Electronegativity is one of the most well-known models for explaining why chemical reactions occur. Now, Martin Rahm from Chalmers University of Technology, Sweden, has redefined the concept with a new, more comprehensive scale. His work, undertaken with colleagues including a Nobel Prize-winner, has been published in the Journal of the American Chemical Society.
The theory of electronegativity is used to describe how strongly different atoms attract electrons. By using electronegativity scales, one can predict the approximate charge distribution in different molecules and materials, without needing to resort to complex quantum mechanical calculations or spectroscopic studies. This is vital for understanding all kinds of materials, as well as for designing new ones. Used daily by chemists and materials researchers all over the world, the concept originates from Swedish chemist Jöns Jacob Berzelius’ research in the 19th century and is widely taught at high-school level.
Now, Martin Rahm, Assistant Professor in Physical Chemistry at Chalmers University of Technology, has developed a brand-new scale of electronegativity.
“The new definition is the average binding energy of the outermost and weakest bound electrons—commonly known as the valence electrons,” he explains.
“We derived these values by combining experimental photoionization data with quantum mechanical calculations. By and large, most elements relate to each other in the same way as in earlier scales. But the new definition has also led to some interesting changes where atoms have switched places in the order of electronegativity. Additionally, for some elements this is the first time their electronegativity has been calculated.”
For example, compared to earlier scales, oxygen and chromium have both been moved in the ranking, relative to elements closest to them in the periodic table. The new scale encompasses 96 elements, a marked increase from previous versions. The scale now runs from the first element, hydrogen, to the ninety-sixth, curium.
One motivation for the researchers to develop the new scale was that, although several different definitions of the concept exist, each is only able to cover parts of the periodic table. An additional challenge for chemists is how to explain why electronegativity is sometimes unable to predict chemical reactivity or the polarity of chemical bonds.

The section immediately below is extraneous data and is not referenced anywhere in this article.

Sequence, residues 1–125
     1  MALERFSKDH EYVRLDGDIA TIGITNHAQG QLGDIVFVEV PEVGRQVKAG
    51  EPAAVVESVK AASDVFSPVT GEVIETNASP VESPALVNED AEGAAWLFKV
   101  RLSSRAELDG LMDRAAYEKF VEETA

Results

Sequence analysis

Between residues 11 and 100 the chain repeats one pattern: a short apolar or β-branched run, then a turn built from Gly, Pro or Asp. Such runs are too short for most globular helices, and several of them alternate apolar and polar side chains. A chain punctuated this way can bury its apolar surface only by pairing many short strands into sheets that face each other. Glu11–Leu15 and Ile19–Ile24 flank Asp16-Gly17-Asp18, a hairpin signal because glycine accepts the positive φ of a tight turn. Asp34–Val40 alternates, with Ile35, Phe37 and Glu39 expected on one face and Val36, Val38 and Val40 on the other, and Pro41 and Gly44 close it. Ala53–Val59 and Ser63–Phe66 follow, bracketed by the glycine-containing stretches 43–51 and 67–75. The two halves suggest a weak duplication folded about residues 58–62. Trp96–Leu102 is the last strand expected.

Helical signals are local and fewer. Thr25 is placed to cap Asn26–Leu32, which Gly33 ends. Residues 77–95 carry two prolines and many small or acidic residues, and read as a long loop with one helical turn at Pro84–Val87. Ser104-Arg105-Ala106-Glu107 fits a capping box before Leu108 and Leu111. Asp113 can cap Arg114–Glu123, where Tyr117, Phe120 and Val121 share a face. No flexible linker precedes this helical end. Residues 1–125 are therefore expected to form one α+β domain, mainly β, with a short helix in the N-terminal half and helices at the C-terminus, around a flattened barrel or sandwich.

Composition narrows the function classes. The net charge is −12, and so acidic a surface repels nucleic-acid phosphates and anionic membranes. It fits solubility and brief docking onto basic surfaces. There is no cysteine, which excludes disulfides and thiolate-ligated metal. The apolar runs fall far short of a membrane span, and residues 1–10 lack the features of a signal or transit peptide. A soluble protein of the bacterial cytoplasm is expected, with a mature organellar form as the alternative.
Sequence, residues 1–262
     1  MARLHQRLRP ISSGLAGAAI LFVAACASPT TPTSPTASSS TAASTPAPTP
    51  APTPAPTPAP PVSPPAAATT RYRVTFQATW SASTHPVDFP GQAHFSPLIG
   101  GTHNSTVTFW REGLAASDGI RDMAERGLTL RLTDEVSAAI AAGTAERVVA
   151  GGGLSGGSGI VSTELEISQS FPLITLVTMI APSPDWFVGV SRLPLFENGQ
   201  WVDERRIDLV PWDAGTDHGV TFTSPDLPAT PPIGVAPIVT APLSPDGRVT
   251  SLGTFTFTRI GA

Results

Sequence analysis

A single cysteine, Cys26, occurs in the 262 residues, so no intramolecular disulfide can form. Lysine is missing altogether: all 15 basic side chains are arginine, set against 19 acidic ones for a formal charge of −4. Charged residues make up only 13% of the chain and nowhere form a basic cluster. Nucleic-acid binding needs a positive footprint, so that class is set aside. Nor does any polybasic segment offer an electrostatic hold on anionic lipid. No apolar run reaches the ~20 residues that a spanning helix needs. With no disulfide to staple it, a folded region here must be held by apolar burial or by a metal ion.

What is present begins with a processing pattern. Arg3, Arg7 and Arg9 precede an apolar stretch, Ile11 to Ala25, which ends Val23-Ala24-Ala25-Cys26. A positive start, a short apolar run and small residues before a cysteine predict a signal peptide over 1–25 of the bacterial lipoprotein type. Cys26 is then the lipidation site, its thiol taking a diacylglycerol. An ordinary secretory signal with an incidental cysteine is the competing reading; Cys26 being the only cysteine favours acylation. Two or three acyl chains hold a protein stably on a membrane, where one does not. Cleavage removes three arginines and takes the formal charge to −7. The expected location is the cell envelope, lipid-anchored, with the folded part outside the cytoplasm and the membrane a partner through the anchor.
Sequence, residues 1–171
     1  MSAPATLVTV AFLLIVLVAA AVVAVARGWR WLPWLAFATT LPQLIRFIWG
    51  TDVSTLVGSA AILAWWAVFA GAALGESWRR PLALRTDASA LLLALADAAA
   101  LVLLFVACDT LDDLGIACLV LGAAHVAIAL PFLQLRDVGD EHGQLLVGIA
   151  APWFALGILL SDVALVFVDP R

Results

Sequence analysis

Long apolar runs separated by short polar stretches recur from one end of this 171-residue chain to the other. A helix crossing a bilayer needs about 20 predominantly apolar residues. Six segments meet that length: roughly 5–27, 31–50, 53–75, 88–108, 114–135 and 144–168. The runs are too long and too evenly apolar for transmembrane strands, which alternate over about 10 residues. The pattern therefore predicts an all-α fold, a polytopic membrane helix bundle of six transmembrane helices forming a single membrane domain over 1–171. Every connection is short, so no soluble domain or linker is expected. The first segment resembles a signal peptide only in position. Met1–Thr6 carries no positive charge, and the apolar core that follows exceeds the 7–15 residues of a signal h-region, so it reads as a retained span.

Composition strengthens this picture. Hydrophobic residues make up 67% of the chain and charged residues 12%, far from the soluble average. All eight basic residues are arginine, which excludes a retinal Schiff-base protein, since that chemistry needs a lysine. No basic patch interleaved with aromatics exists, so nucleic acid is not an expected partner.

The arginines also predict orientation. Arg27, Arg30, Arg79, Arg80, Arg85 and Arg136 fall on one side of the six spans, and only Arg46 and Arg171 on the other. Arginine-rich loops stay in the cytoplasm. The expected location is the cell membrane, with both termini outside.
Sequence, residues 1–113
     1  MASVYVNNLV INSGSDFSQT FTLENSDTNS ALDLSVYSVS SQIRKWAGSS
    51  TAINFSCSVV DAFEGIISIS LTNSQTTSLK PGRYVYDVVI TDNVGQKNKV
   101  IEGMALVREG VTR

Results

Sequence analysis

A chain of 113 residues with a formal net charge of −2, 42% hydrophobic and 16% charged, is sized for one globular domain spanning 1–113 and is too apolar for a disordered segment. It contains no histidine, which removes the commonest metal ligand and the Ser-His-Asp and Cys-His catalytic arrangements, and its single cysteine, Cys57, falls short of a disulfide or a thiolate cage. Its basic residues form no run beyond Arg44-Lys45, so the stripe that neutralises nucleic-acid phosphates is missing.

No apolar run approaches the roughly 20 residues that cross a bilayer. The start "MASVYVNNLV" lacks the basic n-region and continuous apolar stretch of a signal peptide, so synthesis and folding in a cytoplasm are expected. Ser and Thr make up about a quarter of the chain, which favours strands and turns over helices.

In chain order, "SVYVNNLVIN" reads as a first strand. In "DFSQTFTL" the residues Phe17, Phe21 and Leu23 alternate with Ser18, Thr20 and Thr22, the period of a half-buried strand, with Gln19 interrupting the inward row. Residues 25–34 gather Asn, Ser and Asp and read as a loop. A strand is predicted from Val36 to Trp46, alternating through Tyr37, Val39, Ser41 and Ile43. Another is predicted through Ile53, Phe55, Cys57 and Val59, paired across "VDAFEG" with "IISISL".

A further advantage of the new definition is how it fits into a wider framework that can help explain what happens when chemical reactions are not controlled by electronegativity. In these reactions, which can be hard to understand using conventional chemical models, complex interactions between electrons are at work. What ultimately determines the outcomes of most chemical reactions is the change in total energy. In the new paper, the researchers offer an equation where the total energy of an atom can be described as the sum of two values. One is electronegativity, and the second is the average electron interaction. The magnitude and character of these values as they change over a reaction reveals the relative importance of electronegativity in influencing the chemical process.
There are endless ways to combine the atoms in the periodic table to create new materials. Electronegativity provides a first important indicator of what can be expected from these combinations.
“The scale is extensive, and I hope it will greatly affect research in chemistry and material science. Electronegativity is routinely used in chemical research and with our new scale a number of complicated quantum mechanical calculations can be avoided. The new definition of electronegativity can also be useful for analysing electronic structures calculated through quantum mechanics, by making such results more comprehensible,” says Martin Rahm.
Chalmers University of Technology
Martin Rahm et al. Electronegativity Seen as the Ground-State Average Valence Electron Binding Energy. Journal of the American Chemical Society (2018). DOI: 10.1021/jacs.8b10246
Electronegativity redefined: A new scale for electronegativity covers the first 96 elements, a marked increase on previous versions
Credit: Martin Rahm/Chalmers University of Technology